On top of this problem, neither actor knows any Hebrew. In his script, Kushner wrote the words out almost phonetically, but without phonemes, "so we don't know if 'a' is a hard 'a' or a soft one," Martyn says. "There are no accents either."

While he and Brown each had tapes made of Jews reading the Kaddish--one from a local funeral home--there's another issue: whether Kushner intended Louis to say the letter 't' with a 't' sound, or as an 's' like Ethel does in her Russian dialect. Before a rehearsal in early August, Brown and Martyn have a minor tussle over pronunciation. Klaas intercedes, saying Ethel can keep her 's' while Louis should pronounce it as a 't' "because it's more modern," Klaas reasons. "It's a generational thing."

Martyn is visibly relieved. Another drama averted.

But is it a cop out or a compromise? "Is he doing it because [having the different pronunciations] is a good idea?" Kahlil Joseph Lowry--who plays Prior's nurse, a former drag queen named Belize--asks. "Or, is he doing it to keep things moving forward and keep everyone together? Well, both. Brian's got an intelligent answer for it on both ends."

First Acts

Klaas, 29, a California-bred, Jesuit-educated son of a Hewlett-Packard engineer, first took up directing as a student at Wesleyan University in Connecticut, which he attended to study English and literature. There he met a mentor, a teacher named William Francisco, who directed Wesleyan's theater productions. "He had this great visual sense, a real painterly way with the stage," the mild-mannered Klaas recalls. "Unfortunately, he'd be nasty and bark at his actors."

At Wesleyan, Klaas also met Jon Lipitz, a theater major from Pikesville who enjoyed Klaas' senior thesis: Shakespeare's A Comedy of Errors produced in the style of a Warner Bros. cartoon, with broad physical humor. "It was brilliant," Lipitz recounts. "It was also nice to know somebody else who was as serious about theater as I was."

The two kept in touch during Klaas' internship at Seattle Repertory Theatre, where Klaas found another mentor in Doug Hughes, son of actor Barnard Hughes and the theater's associate artistic director. "From him," Klaas says, "I learned how to create this sense of intimacy with actors." When the internship ended, Klaas had little idea what to do next; he called Lipitz, who suggested he fly to Baltimore.

Since college, Lipitz had been an extra at Center Stage ("I moved furniture around," he says) and had acted in some community theaters. "But I never got the professional training I needed," he says, "and I wondered how I would get it."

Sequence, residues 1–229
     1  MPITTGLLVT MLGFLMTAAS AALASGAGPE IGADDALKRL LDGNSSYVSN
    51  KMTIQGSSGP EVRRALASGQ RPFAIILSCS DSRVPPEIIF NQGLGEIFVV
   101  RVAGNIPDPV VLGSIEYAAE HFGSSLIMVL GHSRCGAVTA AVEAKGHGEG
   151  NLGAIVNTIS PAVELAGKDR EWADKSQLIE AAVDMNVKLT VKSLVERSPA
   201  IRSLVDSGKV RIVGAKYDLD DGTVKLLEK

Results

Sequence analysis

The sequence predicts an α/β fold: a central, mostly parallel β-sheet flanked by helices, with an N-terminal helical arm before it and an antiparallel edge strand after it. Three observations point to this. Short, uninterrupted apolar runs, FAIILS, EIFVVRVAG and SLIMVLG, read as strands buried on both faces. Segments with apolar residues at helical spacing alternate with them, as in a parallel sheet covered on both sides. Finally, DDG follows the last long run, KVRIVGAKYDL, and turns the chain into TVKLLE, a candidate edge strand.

Klaas remembers naively entertaining Lipitz's offer in 1992. "Jon was the only person I knew here," he says. "He said we could start a theater and not knowing any better, I said, 'Why not?'" From the start, Lipitz says, the two decided to create separate and distinct jobs for themselves within what would become AXIS Theatre. "I talked to everybody in Baltimore theater who had failed," Lipitz, 30, says. "They all said that in their theaters there was never a clear enough delineation of the duties of the artistic director and the producing director, that the split was too small."

Klaas took control of the artistic side while Lipitz, with the title of producing director, handled the fund raising and marketing. There would be no collaboration within each area. "I let Brian go ahead and put his [aesthetic] stamp on AXIS," Lipitz says. (Neither Lipitz nor Klaas draw paychecks or stipends from AXIS. Lipitz cites a current "three-year window" for working pro bono while trying to increase AXIS' audience. Klaas holds a job in computer-systems design--in which he is self-taught--at the Johns Hopkins University School of Public Health. "I'd rather the [theater's] revenue be returned to the artists and designers," he says.)

Klaas stuck with what he had admired in theaters elsewhere. "I found myself drawn in Seattle to things that can stretch the notions of time and space in a way that only theater can," he says. "If we did the classics, we'd be just like everybody else." AXIS would go on to produce quirky and provocative plays by lesser-known American writers such as Mac Wellman, Lee Blessing, Nicky Silver.

But in 1992 there was still the small matter of getting the show up and running. Lipitz's family chipped in the bulk of the $35,000 needed for start-up and to get through the first season. Lipitz's uncle, developer Howard Brown, donated an old carriage house on Morton Street near North Avenue and Charles Street. But the headaches familiar to anyone who has tried to start a theater began to pound on AXIS' temples. The carriage house, it turned out, had an unsalvageable roof and intransigent co-owners who didn't want a theater company to move into the building.